Riders Alliance launches ‘subway civics’ course in stations this week

Rebecca Bailin, left, campaign manager at Riders Alliance, announces the launch of a week-long
Rebecca Bailin, left, campaign manager at Riders Alliance, announces the launch of a week-long “subway civics” campaign on Sunday, Feb. 25, 2018. Photo Credit: Newsday / Richard Lee

Transit advocates on Sunday launched a “subway civics” campaign to pressure Gov. Andrew Cuomo into finding more money for the MTA’s beleaguered subway system.

The nonprofit Riders Alliance is sending roughly 50 volunteers through subway stations in the outer boroughs in a weeklong educational effort geared toward increasing accountability at the state-run MTA.

The lesson plan: Cuomo controls the subways and the budget process in Albany.

“What people don’t realize is how to hold elected officials accountable to fix our subways and buses. And that’s why we’re here today,” said Rebecca Bailin, campaign manager at Riders Alliance at a news conference at the Atlantic Avenue–Barclays Center hub. “When riders are empowered to act, then we are going to see change. Because that’s how democracy works.”

Riders Alliance will also be promoting the congestion pricing plan proposed this January by Fix NYC, a panel commissioned by Cuomo, which could raise $1.5 billion annually for the MTA through new surcharges on ride-hail companies and new tolls for commercial trucks and private vehicles in Manhattan’s central business district.

The governor is currently negotiating support for the plan with the State Legislature before the state budget deadline at the end of March.

Subway service has spiraled to a crisis, with delays having tripled over the last five years. Riders Alliance and other advocates believe a key way to improve service would be to completely replace the subway system’s frequently-failing, nearly century-old signal technology with a modern equivalent. Doing so could take decades and cost billions of dollars, MTA officials and experts have said, which is why advocates argue the governor must find a new revenue stream for the agency via congestion pricing.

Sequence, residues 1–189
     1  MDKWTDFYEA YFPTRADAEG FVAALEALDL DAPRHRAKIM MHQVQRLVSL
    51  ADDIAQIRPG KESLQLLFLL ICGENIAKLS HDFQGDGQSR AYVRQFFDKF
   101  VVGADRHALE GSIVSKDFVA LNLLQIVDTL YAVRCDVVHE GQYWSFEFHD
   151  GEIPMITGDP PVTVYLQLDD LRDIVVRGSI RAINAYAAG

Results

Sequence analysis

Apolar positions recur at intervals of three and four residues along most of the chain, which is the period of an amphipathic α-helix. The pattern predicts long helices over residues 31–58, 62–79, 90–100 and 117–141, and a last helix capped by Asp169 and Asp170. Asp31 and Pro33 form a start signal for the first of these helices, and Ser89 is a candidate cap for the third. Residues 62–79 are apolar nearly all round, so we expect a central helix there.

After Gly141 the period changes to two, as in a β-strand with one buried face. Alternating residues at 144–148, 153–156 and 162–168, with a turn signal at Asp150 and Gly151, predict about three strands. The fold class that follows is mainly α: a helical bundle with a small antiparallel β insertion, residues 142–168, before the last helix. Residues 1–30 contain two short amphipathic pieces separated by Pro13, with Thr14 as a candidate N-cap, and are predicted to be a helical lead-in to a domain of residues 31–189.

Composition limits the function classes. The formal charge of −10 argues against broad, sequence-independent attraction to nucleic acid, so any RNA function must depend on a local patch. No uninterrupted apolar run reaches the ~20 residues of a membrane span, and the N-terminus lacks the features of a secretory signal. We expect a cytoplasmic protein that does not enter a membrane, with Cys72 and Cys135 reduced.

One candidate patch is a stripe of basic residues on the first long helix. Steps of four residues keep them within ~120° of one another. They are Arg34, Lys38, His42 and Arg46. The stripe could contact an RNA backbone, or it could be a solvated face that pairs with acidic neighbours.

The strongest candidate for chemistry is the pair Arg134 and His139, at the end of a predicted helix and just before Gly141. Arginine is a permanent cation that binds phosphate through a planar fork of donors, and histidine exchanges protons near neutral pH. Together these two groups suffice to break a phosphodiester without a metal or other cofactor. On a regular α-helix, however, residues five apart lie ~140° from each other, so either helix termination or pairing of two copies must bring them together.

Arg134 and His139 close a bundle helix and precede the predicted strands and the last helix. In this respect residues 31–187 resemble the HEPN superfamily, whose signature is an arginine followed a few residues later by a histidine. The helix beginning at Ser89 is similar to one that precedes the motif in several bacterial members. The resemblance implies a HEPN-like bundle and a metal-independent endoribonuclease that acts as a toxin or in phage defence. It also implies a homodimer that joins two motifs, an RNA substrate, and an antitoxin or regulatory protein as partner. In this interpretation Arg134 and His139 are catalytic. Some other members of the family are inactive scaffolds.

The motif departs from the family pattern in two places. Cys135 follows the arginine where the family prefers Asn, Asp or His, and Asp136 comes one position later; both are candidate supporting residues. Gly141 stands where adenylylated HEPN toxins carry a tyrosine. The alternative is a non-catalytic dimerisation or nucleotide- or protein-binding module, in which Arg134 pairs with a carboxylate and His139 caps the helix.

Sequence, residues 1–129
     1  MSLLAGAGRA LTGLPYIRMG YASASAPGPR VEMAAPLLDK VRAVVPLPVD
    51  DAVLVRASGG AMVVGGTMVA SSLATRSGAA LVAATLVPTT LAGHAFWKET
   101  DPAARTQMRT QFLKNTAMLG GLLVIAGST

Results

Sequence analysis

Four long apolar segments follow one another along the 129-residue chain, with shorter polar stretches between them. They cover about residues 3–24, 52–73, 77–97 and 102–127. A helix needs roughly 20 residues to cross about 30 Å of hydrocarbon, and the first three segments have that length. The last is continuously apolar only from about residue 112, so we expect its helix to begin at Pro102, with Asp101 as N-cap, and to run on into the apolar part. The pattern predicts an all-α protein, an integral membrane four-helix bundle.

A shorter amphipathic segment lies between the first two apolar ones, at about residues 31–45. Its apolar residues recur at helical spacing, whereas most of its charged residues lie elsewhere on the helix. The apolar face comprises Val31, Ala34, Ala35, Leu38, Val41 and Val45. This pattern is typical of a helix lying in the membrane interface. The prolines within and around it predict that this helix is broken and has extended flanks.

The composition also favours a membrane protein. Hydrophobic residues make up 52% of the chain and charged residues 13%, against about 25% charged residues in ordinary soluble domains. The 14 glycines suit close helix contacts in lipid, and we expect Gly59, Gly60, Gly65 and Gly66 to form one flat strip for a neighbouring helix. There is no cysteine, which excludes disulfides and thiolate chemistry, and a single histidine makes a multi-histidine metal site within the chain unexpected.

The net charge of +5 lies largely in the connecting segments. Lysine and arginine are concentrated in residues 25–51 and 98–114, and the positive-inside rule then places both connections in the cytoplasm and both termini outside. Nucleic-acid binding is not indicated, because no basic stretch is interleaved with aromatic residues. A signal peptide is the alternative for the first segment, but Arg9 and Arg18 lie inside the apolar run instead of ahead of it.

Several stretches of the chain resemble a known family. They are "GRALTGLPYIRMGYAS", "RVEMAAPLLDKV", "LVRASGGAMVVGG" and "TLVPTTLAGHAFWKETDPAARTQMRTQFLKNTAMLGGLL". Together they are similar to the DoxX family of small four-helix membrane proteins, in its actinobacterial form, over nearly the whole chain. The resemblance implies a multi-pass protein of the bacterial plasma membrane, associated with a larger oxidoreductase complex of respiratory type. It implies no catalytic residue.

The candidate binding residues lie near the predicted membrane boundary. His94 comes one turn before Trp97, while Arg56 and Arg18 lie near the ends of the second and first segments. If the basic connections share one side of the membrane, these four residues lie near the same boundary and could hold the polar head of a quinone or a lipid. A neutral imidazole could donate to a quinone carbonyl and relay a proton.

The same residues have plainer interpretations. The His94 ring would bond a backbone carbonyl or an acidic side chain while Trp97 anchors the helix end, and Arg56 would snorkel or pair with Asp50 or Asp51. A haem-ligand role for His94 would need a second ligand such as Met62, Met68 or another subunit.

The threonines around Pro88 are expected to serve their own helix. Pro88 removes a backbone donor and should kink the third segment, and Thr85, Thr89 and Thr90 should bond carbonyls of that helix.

Johnny Nelson, 29, a Clinton Hill resident who stopped at Atlantic Avenue-Barclays Center to sign the Riders Alliance petition asking Cuomo to save the subways, said his trips have become too unreliable and have made his job as a jewelry designer difficult.

“I feel like the delays have been getting worse and they’re very unpredictable,” said Nelson. “There’s been times on the D train where I’m stuck more than a half-hour on the Manhattan Bridge. I have to meet my clients and when I’m late, they have things to do. So the delays set off this chain of events and it messes up my business.”

Peter Ajemian, a spokesman for the governor, said Cuomo is already working to revive subway service from its current state, noting that the governor has pledged money for MTA chairman Joe Lhota’s Subway Action Plan to improve service, among other recent moves.

“It’s the Governor who has taken aggressive action to fix the subways by funding the state’s half of the Subway Action Plan, advancing near-term Fix NYC recommendations, proposing sending mobility tax revenue directly to the MTA and investing an historic $8.6 billion in the capital program,” Ajemian said in a statement. “While some continue to simply talk about turning the subways around, the Governor is actually working to get it done.”